This page is a draft under construction. It is a widely editable wiki page and should not be assumed to be official Cycling Embassy policy.
At present, anyone who wishes to cycle on much of the British road network must adopt a survival technique called “Vehicular Cycling,” championed by John Franklin and detailed in Cyclecraft, the manual used as the basis of most cycle training courses in the UK, including Bikeability. This technique requires cyclists to train develop their cadence (pedalling revolutions per minute, and sprinting speed to deal with the shortcomings of the existing road network, “A good cadence to aim for is about 80, while a sprint speed of 32 km/h (20 mph) will enable you to tackle most traffic situations with ease.”1. In a solely vehicular cycling environment, cycling is less attractive to those who are not young, fit, able bodied or a combination thereof, which is duly the largest cycling demographic in the UK at present4.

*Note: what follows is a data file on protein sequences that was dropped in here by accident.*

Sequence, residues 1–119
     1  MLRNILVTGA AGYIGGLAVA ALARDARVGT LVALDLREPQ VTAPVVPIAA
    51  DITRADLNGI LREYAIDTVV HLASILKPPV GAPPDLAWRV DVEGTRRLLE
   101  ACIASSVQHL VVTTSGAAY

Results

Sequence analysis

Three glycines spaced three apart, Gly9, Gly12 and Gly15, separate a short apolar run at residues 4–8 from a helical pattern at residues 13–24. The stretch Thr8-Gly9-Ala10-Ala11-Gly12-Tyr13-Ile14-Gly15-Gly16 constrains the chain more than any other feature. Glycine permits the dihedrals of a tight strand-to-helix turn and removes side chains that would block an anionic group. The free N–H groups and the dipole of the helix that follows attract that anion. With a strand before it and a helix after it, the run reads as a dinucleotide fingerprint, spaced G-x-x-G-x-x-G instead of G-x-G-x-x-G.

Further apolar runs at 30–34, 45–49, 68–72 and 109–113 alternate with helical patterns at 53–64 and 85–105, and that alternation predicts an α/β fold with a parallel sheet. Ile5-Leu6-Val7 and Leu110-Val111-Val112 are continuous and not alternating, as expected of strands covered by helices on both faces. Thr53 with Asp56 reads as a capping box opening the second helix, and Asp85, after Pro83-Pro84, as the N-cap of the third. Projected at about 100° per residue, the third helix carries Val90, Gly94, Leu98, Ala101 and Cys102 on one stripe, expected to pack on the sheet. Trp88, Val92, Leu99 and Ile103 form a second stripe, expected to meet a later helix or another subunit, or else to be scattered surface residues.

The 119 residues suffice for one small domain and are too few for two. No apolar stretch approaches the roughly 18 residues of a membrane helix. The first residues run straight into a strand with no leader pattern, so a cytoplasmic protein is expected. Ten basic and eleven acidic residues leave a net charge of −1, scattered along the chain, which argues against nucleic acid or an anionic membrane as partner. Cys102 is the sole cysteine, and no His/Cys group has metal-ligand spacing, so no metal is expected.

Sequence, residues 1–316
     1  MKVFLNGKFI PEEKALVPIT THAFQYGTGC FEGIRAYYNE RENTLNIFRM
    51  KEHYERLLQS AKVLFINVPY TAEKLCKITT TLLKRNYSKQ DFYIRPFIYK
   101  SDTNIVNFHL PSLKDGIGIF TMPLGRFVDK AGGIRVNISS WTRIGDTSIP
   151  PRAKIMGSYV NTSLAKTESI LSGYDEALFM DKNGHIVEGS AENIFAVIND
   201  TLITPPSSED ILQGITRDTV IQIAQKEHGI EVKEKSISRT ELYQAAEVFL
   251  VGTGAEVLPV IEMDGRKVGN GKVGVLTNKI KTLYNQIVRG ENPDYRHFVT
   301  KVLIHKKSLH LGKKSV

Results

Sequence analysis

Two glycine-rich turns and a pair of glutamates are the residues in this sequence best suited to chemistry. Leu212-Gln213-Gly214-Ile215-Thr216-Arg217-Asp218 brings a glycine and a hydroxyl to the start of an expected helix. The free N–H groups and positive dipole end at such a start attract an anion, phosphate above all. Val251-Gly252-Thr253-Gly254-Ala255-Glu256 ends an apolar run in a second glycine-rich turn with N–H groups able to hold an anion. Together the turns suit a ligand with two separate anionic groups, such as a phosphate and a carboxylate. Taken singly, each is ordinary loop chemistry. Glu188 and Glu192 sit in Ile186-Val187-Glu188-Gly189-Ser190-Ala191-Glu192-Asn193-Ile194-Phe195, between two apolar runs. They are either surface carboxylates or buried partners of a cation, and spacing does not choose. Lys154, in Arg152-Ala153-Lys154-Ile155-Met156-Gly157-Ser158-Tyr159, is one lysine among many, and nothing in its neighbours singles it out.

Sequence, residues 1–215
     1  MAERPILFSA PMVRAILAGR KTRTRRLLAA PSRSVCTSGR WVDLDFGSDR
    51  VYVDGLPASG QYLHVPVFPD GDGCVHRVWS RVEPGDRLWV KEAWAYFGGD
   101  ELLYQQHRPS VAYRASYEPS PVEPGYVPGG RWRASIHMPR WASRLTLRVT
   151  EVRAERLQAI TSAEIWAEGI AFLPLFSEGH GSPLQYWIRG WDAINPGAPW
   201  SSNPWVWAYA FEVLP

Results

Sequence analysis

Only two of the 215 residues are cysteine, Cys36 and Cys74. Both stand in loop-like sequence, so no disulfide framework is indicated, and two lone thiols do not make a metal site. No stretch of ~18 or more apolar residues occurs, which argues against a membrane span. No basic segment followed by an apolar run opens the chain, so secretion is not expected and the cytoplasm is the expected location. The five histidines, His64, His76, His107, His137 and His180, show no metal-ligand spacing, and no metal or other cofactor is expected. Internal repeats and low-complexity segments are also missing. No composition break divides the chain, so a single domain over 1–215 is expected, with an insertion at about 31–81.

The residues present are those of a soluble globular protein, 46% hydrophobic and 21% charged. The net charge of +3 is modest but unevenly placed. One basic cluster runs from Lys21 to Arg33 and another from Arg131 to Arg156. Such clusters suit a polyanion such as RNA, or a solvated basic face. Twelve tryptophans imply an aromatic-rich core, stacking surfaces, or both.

Dedicated cycle infrastructure has an egalitarian effect, making cycling accessible to a much wider range of ages, fitness levels and ability; in The Netherlands where such infrastructure exists the 65-75 year old age group makes around 0.7 cycle trips per person per day, with the over 75 group still making around 0.3 cycle trips per day2. In the UK, the over 60 age group makes around 0.02 cycle trips per day4. Under 12s make an average of 0.8 trips per day by bike3, compared to 0.03 trips by cycle per year for the under 10 age group in the UK4. In the UK, rates of cycling amongst women are significantly lower than amongst men for all age demographics4.